Long intermission: community theater groups set to return to the stage after more than a year | Local news

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What happened on the way to directing Magnolia Art Center’s most recent comedy was anything but funny.

Three weeks after rehearsals for “Something Funny Happened on the Way to the Forum” began, production was abruptly halted. It was in March 2020, a time when the lights went out in theaters around the world due to the coronavirus pandemic.

Magnolia’s artistic director, Mitch Butts, recalls it as a dark time in more ways than one.

“The actors were ready, they followed, they had memorized the scenario. Everyone was having fun and then boom, ”he said. “We were thinking maybe three or four months (of closure) so we were planning how to deal with the lack of income during that time.”

Members of the cast and crew at Magnolia and community theaters across the country were unaware at the time that the script given to them would involve such a long intermission. But after almost a year and a half, the shows are finally taking place.

“Nunsense,” a musical slated to open for Magnolia in 2021, is set to premiere on July 22. This is one of four shows the community theater company plans to put on before the end of the year.

“We always planned to do shows again,” said Collice Moore Jr., Chairman of the Board of Magnolia. “We just didn’t know when. “

The theater is sanitized before opening night and spectators are encouraged to wear masks. At least for the first few performances, Magnolia plans to limit ticket sales to around 50 per show, which is around three-quarters of the theater’s capacity. But after 16 months of an empty theater, these numbers are creating excitement.

“It’s amazing we’re back,” said Butts, adding that some theater companies based in Raleigh, Wilmington and Fayetteville have already reopened. “Smaller theaters like us, we are the first that I heard we managed to reopen. I hope there are more. “

Spinning top

A few months ago, Jason Coale would most likely have said that Whirligig Stage would not be part of the return of community theater to Greenville. But today, the company he founded with his wife Elana Kepner in 2016 is preparing its second act.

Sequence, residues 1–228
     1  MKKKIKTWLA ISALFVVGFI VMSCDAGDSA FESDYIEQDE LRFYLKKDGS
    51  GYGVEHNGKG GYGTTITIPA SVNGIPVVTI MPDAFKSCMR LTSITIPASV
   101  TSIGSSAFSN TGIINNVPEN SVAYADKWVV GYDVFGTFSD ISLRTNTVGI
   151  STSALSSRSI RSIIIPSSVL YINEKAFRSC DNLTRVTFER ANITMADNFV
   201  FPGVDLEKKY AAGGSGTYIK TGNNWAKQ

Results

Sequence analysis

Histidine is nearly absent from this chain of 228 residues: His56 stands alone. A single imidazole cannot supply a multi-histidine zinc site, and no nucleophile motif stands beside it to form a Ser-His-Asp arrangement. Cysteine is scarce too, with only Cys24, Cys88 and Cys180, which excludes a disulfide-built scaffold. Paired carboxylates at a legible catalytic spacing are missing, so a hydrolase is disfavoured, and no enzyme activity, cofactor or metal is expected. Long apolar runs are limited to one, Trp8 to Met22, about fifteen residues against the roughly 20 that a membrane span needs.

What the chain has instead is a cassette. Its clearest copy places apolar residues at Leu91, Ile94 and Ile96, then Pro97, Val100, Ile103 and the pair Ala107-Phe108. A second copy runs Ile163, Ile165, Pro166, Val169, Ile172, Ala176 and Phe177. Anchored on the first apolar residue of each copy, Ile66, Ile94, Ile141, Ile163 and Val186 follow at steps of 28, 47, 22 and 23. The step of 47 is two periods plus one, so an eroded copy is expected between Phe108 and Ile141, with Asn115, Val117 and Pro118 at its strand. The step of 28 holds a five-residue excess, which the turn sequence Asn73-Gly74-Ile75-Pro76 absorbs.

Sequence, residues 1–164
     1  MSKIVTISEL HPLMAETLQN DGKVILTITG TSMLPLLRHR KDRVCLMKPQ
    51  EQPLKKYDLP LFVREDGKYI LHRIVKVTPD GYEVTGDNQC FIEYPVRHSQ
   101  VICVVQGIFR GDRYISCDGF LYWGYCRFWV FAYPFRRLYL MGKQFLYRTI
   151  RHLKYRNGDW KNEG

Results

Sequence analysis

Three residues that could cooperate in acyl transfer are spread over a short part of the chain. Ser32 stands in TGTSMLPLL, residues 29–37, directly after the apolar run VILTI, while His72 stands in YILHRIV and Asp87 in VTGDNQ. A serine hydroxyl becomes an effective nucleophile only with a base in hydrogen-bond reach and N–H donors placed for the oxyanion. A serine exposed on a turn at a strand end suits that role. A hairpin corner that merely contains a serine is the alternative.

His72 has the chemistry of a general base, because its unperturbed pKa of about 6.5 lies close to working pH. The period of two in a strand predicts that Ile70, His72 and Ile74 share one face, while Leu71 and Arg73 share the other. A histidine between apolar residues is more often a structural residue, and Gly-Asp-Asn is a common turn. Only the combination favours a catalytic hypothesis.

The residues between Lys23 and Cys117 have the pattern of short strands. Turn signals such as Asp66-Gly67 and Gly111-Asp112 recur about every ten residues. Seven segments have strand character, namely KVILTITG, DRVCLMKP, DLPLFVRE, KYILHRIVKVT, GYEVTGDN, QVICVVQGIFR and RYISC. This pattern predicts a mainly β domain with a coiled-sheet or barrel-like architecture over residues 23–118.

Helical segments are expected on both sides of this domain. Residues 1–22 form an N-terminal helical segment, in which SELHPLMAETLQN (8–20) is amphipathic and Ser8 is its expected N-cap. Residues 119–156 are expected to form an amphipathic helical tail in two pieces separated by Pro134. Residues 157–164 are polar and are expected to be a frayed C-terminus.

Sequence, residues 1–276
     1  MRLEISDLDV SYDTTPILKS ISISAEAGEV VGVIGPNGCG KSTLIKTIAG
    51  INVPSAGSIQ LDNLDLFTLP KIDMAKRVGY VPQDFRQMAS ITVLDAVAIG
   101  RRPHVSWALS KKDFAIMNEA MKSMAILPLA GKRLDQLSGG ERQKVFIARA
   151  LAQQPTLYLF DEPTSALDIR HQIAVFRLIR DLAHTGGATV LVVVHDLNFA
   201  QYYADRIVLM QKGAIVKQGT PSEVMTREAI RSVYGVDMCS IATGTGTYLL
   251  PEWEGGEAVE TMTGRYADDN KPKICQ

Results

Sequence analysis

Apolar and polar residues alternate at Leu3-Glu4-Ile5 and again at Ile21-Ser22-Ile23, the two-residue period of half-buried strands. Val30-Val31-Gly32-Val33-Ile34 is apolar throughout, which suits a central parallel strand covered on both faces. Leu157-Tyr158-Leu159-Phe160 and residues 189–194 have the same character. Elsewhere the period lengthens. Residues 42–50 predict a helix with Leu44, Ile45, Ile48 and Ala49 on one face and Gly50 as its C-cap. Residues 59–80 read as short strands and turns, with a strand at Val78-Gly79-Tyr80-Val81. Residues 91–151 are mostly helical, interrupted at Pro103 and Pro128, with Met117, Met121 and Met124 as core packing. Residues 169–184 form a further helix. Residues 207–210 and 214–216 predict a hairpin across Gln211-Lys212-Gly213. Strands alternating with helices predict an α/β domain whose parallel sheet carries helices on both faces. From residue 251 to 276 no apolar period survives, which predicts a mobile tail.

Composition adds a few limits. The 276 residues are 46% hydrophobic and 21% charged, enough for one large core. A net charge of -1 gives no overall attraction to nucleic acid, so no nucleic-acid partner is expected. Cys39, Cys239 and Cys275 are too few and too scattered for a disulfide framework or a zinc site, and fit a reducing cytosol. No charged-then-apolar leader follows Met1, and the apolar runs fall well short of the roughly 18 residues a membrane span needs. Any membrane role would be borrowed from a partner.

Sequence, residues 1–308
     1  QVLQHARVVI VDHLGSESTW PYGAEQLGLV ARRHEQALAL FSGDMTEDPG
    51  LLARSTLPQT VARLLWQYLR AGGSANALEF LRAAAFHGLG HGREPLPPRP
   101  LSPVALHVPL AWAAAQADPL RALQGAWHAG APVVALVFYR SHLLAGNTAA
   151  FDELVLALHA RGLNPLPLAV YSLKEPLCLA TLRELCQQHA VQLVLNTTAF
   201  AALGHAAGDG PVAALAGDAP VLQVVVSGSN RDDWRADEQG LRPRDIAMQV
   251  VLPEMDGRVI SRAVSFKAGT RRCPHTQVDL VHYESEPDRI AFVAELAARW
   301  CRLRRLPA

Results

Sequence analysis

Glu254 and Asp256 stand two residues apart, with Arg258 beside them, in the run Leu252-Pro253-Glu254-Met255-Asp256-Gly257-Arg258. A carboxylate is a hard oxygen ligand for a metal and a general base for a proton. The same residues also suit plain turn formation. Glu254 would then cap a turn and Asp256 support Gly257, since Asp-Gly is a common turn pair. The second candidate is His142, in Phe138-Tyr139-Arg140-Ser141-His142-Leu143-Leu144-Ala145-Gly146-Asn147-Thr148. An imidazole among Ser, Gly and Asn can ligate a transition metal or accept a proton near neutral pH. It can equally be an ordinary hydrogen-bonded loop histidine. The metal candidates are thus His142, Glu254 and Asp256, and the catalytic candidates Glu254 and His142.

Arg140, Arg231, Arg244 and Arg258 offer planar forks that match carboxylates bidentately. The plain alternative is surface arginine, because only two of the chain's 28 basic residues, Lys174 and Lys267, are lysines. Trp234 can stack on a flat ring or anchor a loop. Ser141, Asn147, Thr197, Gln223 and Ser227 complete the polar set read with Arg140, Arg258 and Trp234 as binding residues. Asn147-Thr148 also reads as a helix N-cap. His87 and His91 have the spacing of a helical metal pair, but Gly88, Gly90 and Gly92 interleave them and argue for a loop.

In May 2020, when theaters, schools, restaurants and other establishments remained closed due to COVID-19, Whirligig produced virtual shows, including “The Show Must Go Online” and “10 Ways to Survive Life in a Quarantine “. Prior to COVID-19, Whirligig and the city were at odds over the types of performances the local zoning ordinance allowed at its Pitt Street location. In June 2020, Coale and Kepner announced that they were saying goodbye to their theater house.

The couple remained in Greenville, where Kepner is a professor at the School of Drama and Dance at East Carolina University and Coale is a professor of drama at the Wahl-Coates Elementary School of the Arts. But the Whirligig cast members, especially the Youth Academy members, failed to share the stage with them.

“We are sad that we had to take a break,” Coale said. “It was very hard. But you know when you love to do theater, and of course we do, there are a lot of people in the area looking for opportunities. So we do all we can. “

Whirligig plans to relaunch classes next month for ages 5 to 18 and hopes to stage “Godspell” in September, followed by a children’s show later in the fall. While details on the venue are still being finalized, Coale said Whirligig was trying to rent a rehearsal space downtown near the State Theater, where he would hold performances.

Masks should be required for rehearsals and performances involving students too young to be eligible for COVID-19 vaccines.

“We are ready to go back on stage,” he said. “It’s been a year and a half and we weren’t sure if we would be able to shake things up. But it looks like we’re there now.

Whirligig is helping organize a musical event this fall as part of Musical Theater International’s “All Together Now” that would serve as a fundraiser for himself and other local theater organizations. Designed to celebrate the return of live theater, the global event is a chance for theaters to host a music revue fundraising event without paying royalties.

Local groups such as Magnolia, Smiles and Frowns Playhouse and the theater company A Place in the Heart have been invited to participate.

Place in the heart

The November music review could mark the first time back on stage for A Place in the Heart, which presented its first local show four years ago but has been inactive for over a year.

Founder Preston Coghill has said his theater company is preparing to tour with performances of his original play “Old Timers” in the spring of 2020.

“Of course COVID hit and we were pretty much done,” he said. “It’s very difficult.”

Coghill, from Winterville, said the effects of the virus have been particularly harsh on his cast members, who are predominantly African Americans.

“I have had three of my cast members who literally almost died with COVID,” he said, adding that one member is still suffering from serious side effects.

Over the past year or so, Place in the Heart has seen more than one reopening deadline come and go. While the group originally planned four shows for 2021, Coghill believes it may take next year before they can put on another play.